United States District Court, N.D. Indiana, Fort Wayne Division
THE MEDICAL PROTECTIVE COMPANY OF FORT WAYNE INDIANA, Plaintiff,
AMERICAN INTERNATIONAL SPECIALTY LINES INSURANCE COMPANY, Defendant.
OPINION AND ORDER
A. BRADY UNITED STATES DISTRICT COURT JUDGE.
litigation, Plaintiff Medical Protective Company of Fort
Wayne, Indiana (MedPro), has sued Defendant American
International Specialty Insurance Company (AISLIC), now known
as AIG Specialty Insurance Company, for breach of the terms
of a 2006 policy AISLIC issued to MedPro (the Policy). MedPro
alleges that AISLIC breached the Policy when it refused to
cover MedPro's extra-contractual liability and eventual
settlement of a third party's bad faith claim against
matter is set for a four-day jury trial to begin on January
28, 2020. Broadly speaking, the outstanding issues in this
litigation include the following: first, whether the Policy
provides coverage for MedPro's claim arising out of a bad
faith claim brought against MedPro related to its handling of
a medical malpractice claim against MedPro's insured, Dr.
Benny Phillips, and; second, whether Exclusion M of the
Policy applies resulting in the absence of coverage under the
Policy. The second issue is not reached unless MedPro first
establishes that its claim falls within the insuring
agreement. This Opinion sets forth the matters that are not
in dispute, and do not require resolution by a jury.
2002, thirty-six-year-old Vicki Bramlett died from
complications following routine surgery she underwent in
Texas. Mrs. Bramlett's family sued Dr. Phillips, the
physician who performed the surgery, and the hospital and
nurses who provided post-surgery care. MedPro insured Dr.
Phillips for medical malpractice. MedPro twice declined to
settle the Bramlett's case for the insurance policy
limit, $200, 000.
first demand for settlement was made in December 17, 2003. A
second demand was made on March 23, 2004. The Bramletts'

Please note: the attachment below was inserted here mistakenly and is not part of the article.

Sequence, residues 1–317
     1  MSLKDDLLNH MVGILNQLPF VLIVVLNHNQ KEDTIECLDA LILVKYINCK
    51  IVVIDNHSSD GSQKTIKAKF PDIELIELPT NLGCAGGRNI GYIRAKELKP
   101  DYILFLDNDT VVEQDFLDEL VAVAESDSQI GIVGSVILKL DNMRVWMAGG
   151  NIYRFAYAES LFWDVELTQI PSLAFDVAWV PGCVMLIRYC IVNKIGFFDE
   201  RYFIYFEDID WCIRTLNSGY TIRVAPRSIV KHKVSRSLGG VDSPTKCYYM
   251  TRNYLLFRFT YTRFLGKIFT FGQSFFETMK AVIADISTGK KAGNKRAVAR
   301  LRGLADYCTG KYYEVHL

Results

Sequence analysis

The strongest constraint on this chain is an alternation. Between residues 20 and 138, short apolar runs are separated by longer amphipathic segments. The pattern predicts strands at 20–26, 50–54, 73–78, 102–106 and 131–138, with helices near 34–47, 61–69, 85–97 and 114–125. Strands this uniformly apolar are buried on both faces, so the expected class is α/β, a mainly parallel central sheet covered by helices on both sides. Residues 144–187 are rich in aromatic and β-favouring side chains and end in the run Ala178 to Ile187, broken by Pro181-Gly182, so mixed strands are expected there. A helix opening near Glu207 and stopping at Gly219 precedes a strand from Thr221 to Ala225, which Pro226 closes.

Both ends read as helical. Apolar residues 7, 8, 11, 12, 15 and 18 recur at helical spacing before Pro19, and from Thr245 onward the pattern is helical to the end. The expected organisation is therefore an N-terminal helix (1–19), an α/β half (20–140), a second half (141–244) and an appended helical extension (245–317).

demand for the policy limit was based on a seminal Texas
Supreme Court case, G.A. Stowers Furniture Co. v.
American Indemnity Co., 15 S.W.2d 544 (Tex. 1929), under
which an insurer is liable for any amounts in excess of
policy limits if it wrongfully rejects a plaintiff's
demand within the policy limit that an ordinarily prudent
insurer would have accepted.
August 2005, a jury awarded a $14 million verdict in favor of
the Bramletts. In October 2005, the trial court entered a
judgment in excess of the statutory cap. While the case was
on appeal, MedPro reported to AISLIC that there was a
potential claim against it based on Texas law. That was in
2007, just before the Policy was set to expire. AISLIC
responded to the report, stating that no bad faith claim had
yet been made against MedPro, and that it was reserving its
in 2009, the Supreme Court of Texas ruled that a statutory
cap on liability damages applied to limit Dr. Phillips'
exposure. The Texas Supreme Court, for the first time, also
reconciled the statutory Stowers exception to the
cap by holding that the Stowers exception was
similar to a right to equitable subrogation. Phillips v.
Bramlett, 288 S.W.3d 876, 882 (Tex. 2009). In other
words, it put “the injured third party in the shoes of
the insured to the extent the cap eliminates the
insured's incentive to enforce the insurer's duty to
settle with reasonable care.” Id. As a result,
the Bramletts could pursue a direct claim against MedPro for
the difference between the jury verdict and the statutory
cap. Three days after the Texas Supreme Court decision, Mrs.
Bramlett's family sued MedPro for the excess verdict.
MedPro settled the claim. MedPro also settled with Dr.
Phillips pursuant to a previous agreement to indemnify him.
declined to cover MedPro's settlement with Mrs.
Bramlett's family, leading MedPro to sue AISLIC for
breach of contract.
contracts are governed by the same rules of construction as
other contracts, and the proper interpretation of an
insurance policy, even if it is ambiguous, is generally a
question of law appropriate for summary judgment.”
Wellpoint, Inc. v. Nat'l Union Fire Ins. Co.,
952 N.E.2d 254, 258 (Ind.Ct.App. 2011). Courts “review
the contract as a whole, attempting to ascertain the
parties' intent and making every attempt to construe the
contract's language so as not to render any words,
phrases, or terms ineffective or meaningless.” Bar
Plan Mut. Ins. Co. v. Likes Law Office, LLC, 44 N.E.3d
1279, 1285 (Ind.Ct.App. 2015) (internal quotation marks
omitted). When terms are clear and unambiguous, the court
applies the plain and ordinary meaning of the terms and
enforces the contract according to its terms. Id.
Indiana law, an insurance policy is ambiguous if reasonable
persons may honestly differ as to the meaning of the policy
language.” Eli Lilly & Co. v. Home Ins.
Co., 482 N.E.2d 467, 470 (Ind. 1985). If there is an
ambiguity in the contract, its terms should be interpreted
most favorably to the insured and “to further the
policy's basic purpose of indemnity.” Id.
Relevant Policy Language
Policy with AISLIC stated, in relevant part:
NOTICE: THIS IS A CLAIMS MADE FORM. EXCEPT TO SUCH
EXTENT AS MAY OTHERWISE BE PROVIDED HEREIN, THE COVERAGE OF
THIS POLICY IS LIMITED GENERALLY TO LIABILITY FOR ONLY THOSE
CLAIMS THAT ARE FIRST MADE AGAINST THE INSURED AND REPORTED
IN WRITING TO ...